Media Challenge Initiative in partnership with the Office of the Prime Minister (OPM) is set out to train 1,000 young journalists ineffective reporting on climate change in the 2019 Climate Change Media Challenge running from the 1st – 3rd November 2019.
The Media Challenge Expo is a three-day festival under the theme ‘Reporting on Climate Change and Disaster Risk Reduction in Uganda’ and will bring together the media fraternity for conference sessions on improving climate change communication, a journalism career fair for students, more than 15 different journalism skills trainings, and a live news reporting competition for university teams.
Rebecca Sserwanga from the Office of the Prime Minister- Climate Change Department, one of the Funders of the project highlighted that journalists have a major role to play in creating public knowledge about the increasing threat of climate change.
“It is a collective effort. We are increasingly seeing unprecedented warming temperatures, and what is the cause of this? It is our human activities.
“We need to restore wetlands, plant trees to bring our environment back to the optimal state. It is the role of journalists to increase awareness, which is why we are supporting the Media Challenge Initiative projects,” said Sserwanga.
The Office of the Prime Minister is currently undertaking a project on Strengthening Community Resilience to Climate Change and Disaster Risks (SCORE) supported by the United Nations Development Programme (UNDP) in conjunction with Ministry of Water and Environment (MWE).
The 2019 Climate Change Media Challenge supported by DW Akademie, Konrad-Adenauer-Stiftung Uganda, US Mission for Uganda, OPM and UNDP, UNESCO, Coca-Cola and the African Centre for Trade and Development intends to contribute to the employability of young journalists as well as improve the media’s communication of climate change issues so as to enhance public awareness and climate action.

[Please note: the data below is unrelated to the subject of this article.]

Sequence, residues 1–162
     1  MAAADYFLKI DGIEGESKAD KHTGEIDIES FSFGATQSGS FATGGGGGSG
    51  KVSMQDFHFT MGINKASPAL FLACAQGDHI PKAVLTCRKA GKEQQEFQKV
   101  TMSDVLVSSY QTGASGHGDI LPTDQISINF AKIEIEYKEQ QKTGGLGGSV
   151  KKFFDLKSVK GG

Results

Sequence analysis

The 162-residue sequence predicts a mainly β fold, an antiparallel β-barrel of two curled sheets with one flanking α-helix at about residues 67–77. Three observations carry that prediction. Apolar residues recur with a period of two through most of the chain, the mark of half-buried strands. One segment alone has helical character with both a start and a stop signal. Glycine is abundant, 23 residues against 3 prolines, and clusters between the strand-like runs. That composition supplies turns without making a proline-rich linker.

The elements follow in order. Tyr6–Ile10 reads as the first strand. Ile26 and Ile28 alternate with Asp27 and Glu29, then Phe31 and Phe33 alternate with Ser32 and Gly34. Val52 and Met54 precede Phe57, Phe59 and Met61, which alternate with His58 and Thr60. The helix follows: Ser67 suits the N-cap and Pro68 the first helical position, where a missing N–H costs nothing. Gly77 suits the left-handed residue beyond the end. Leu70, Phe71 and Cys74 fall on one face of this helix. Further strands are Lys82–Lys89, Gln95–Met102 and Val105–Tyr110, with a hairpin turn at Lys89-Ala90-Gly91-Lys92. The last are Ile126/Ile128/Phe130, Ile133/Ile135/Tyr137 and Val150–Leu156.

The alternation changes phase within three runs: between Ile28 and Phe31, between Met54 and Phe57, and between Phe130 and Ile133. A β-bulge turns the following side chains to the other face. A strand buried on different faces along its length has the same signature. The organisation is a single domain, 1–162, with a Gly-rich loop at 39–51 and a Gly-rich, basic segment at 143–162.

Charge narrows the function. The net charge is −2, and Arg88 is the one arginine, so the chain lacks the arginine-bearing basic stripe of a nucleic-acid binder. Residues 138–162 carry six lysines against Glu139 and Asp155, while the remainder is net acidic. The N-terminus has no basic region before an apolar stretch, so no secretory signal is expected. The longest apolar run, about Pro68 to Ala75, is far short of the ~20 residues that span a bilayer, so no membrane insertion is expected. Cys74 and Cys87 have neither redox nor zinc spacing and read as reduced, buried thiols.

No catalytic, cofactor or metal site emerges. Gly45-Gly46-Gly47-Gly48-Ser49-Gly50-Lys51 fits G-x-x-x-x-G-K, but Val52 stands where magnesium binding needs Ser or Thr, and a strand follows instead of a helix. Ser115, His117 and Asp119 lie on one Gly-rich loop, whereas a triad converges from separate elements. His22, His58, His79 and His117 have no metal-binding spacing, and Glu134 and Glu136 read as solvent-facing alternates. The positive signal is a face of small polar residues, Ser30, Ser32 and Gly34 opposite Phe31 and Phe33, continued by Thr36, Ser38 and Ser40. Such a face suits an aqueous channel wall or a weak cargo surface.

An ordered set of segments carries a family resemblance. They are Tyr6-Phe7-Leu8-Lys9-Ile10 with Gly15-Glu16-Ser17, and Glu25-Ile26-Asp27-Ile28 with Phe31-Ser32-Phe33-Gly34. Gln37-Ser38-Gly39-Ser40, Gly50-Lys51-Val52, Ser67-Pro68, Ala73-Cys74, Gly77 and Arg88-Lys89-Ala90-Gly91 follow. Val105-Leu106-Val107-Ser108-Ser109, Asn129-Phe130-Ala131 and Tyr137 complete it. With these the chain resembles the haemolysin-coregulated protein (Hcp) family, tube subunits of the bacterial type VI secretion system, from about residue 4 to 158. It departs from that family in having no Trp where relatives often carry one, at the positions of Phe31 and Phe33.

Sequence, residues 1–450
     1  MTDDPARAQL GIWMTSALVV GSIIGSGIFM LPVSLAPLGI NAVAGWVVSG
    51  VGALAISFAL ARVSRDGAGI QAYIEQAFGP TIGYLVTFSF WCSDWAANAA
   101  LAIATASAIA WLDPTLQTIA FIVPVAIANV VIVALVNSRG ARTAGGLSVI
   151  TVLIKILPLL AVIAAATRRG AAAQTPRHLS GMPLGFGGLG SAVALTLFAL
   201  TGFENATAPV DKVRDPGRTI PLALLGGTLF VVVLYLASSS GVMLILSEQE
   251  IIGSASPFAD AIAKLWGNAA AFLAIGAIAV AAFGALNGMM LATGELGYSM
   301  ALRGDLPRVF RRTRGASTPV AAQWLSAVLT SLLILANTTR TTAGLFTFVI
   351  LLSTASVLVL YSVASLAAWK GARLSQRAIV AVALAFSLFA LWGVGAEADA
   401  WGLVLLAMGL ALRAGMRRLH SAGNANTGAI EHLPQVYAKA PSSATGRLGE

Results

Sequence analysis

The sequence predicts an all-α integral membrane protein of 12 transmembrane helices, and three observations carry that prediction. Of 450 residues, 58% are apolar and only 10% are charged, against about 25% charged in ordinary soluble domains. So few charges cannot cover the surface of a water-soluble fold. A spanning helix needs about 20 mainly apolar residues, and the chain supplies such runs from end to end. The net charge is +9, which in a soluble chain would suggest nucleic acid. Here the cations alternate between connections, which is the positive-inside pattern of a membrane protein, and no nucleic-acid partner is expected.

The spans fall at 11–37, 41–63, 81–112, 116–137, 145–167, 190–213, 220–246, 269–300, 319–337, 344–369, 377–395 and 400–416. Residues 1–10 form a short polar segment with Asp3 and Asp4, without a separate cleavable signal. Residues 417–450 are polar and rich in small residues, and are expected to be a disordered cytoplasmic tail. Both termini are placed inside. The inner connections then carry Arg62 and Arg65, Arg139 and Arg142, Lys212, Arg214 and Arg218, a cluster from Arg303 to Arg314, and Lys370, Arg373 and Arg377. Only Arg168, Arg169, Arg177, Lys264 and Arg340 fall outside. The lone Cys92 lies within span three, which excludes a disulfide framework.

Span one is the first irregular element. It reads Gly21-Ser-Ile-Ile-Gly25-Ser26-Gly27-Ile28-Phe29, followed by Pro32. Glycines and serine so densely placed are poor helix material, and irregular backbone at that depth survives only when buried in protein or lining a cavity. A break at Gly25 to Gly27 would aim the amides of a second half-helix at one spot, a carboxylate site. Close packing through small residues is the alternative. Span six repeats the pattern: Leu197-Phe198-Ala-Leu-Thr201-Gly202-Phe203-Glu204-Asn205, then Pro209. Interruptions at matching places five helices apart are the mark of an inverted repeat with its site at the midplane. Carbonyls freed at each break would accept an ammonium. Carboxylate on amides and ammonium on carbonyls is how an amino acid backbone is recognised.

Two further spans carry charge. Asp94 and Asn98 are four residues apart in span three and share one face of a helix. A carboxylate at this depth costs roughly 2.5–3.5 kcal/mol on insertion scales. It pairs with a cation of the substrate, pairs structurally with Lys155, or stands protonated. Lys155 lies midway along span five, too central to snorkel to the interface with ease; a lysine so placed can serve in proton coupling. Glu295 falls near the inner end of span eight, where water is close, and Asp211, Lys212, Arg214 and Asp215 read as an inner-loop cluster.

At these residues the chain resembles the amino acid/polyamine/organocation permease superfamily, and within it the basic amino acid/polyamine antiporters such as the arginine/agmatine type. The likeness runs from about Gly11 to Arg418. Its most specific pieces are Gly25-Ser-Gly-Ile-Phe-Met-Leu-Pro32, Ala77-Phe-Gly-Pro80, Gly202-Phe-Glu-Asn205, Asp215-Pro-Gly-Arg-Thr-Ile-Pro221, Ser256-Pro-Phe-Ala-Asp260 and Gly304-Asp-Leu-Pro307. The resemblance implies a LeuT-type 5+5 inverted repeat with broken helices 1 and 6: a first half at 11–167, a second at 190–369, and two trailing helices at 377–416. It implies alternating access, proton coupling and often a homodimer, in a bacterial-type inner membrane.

“We are implementing the Climate Change Media Challenge projects to improve effective reporting on climate change and disaster risk reduction.
“In the process, we want to increase awareness of the intensity of climate change and disasters in Uganda,” said Abaas Mpindi, Media Challenge Initiative CEO.
“Our ultimate aim is to promote individual responsibility through storytelling, showing the world what is going on and enabling them to act to protect their communities.”
Ojok Okello, Programme Manager at Konrad Adenauer Stiftung (KAS) Uganda, one of the project’s funders, highlighted that journalists must be able to understand climate change issues due to the high number of fallacies and lies around the issue.
“To talk about facts: In one year we have seen the most fluctuation in rainfall in recent years in Uganda,” he said.
“So for you to have evidence and facts, you need some kind of training and experience sharing like Media Challenge Initiative is offering in this Expo.”
Climate change and disasters are a significant threat to Uganda, especially in the agriculture sector, which is the backbone of the nation’s economy.
While some regions such as Karamoja are increasingly affected by crippling drought, others such as the eastern Bugisu and Teso subregions are receiving above-normal rainfall, contributing to devastating floods and mudslides.
The changing seasons are reducing farmers’ yields. But public knowledge of climate change is lacking: The media is an important actor in filling this information gap.
This year’s event will include special training for professional journalists, citizen journalists, and university journalism lecturers in climate change reporting.
The Media Challenge Initiative will also kick off the first national Climate Change Media Awards, where the best student and mainstream journalists reporting about climate change issues will be awarded.
“Our alumni are populated in all the major media houses in Uganda. We are building a community of journalists who believe they have a role to play in transforming the community through the stories they tell and how they tell them,” Mpindi said.